Increasingly, relatives who died at home were not reported to authorities and buried secretly. These burials were often unsafe and a key vector to new infections. Secret burials mounted in number, because of fear of being quarantined or stigmatized. Furthermore, the enforcement of ‘safe burials’ violated communities’ religious beliefs and customs27. By August 2014, fears worsened when the government ordered all corpses cremated: serious resistance now spread to many communities. Police and military forces were deployed along the road leading to the crematory to protect the “Ebola burners”28. However, the government was accused of being inconsistent in how they performed burial practices. Financial ability or social connections would determine who was cremated and who was buried27,29. The order remained in force until January 2015, when finally a burial ground was created near the Capital, Monrovia.
Such occurrences find historical parallels with cholera, when municipalities also prohibited traditional funerals, burials in churchyards, and especially the Irish wake. Enforcement of these regulations (as in West Africa) led to concealing cases and provoked large-scale riots among immigrants in Bristol, London, Liverpool, Glasgow, Edinburgh, New York City, and other towns during the first European cholera wave. Similar measures had similar consequences in Asiatic Russia, Eastern Europe, the Iberian peninsula, and Italy; yet here governments’ insensitivity persisted longer. Space allows only a brief look at an Italian case from its first cholera wave in 1836-7 to its last major one in 1910-11. Throughout, authorities continued to prohibit non-elites (il popolo) from performing their traditional burial rites, visiting afflicted friends and relations, and viewing the cadavers before burial. Such class-based impositions sparked fears that doctors backed by the state had poisoned the cholera afflicted or had buried them alive, while Italian elites continued to bury their love ones stricken by cholera in traditional ecclesiastical grounds. Seeing their relatives unceremoniously ‘thrown into ditches’ of newly-created cholera grounds outside towns and villages, the popolo in Sicily rioted in numerous places in 183730. The same ensued at the Pugliese town of Ostuni in 1837 with its popolo shouting they would not tolerate it.31 But Italian authorities appear not to have learnt the lessons. During Italy’s last major cholera wave in 1910-11, the state continued to impose the same burial restrictions, provoking fears of poisoning and live burials. But now Ostuni’s collective violence exploded beyond its previous experiences. In mid-November 1910, 3,000 (in a town numbering 18,500) wrecked the cholera hospital, ‘liberated the patients’, paraded them home, burnt down the town hall and offices of the health department, took possession of the town square, attacked health workers, stoned carabinieri, and destroyed doctors’ homes32,33.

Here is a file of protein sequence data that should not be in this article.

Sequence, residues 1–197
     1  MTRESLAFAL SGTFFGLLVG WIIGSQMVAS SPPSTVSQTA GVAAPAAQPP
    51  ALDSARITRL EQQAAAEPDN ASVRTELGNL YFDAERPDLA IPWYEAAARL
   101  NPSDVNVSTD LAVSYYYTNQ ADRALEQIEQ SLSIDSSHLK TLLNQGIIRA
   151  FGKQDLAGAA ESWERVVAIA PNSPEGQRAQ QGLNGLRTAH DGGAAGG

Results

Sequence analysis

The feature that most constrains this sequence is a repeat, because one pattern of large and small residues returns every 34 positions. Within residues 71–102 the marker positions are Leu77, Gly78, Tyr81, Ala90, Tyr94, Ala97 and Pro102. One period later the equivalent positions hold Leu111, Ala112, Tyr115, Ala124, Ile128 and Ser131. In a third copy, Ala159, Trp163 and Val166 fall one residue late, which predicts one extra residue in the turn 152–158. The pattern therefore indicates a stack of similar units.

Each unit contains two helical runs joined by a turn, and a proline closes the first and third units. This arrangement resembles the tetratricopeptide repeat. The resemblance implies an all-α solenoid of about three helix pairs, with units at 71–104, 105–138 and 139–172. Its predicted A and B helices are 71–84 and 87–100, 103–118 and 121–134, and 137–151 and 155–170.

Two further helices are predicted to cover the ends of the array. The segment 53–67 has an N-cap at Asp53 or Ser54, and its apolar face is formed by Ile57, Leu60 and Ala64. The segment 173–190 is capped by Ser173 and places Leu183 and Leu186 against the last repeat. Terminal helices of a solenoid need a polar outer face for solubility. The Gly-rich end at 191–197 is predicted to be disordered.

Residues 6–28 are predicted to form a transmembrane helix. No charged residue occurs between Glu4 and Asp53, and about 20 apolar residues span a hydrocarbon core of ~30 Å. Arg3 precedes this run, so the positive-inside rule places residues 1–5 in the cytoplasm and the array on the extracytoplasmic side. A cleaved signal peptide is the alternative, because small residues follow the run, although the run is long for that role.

Back to Liberia: considering certain government measures, the insensitivity in which they were implemented, the lack of support, and comparisons with Europe’s past, it is surprising that more people did not resist openly. Instead, most Liberians cooperated with the response teams. In the beginning of the epidemic with people dying in the streets, not enough space was available in ETUs, and when a 120-bed ETU in Monrovia opened on 21 September 2014 it became full within hours.34 Often transport was unavailable, and patients were forced to wait days for ambulances or were carried to ETUs by taxis, bikes, or in wheelbarrows. ETUs were understaffed, and everywhere essential materials were lacking. Matters began improving only after the epidemic had peaked: international support began to arrive, and several new ETUs were built.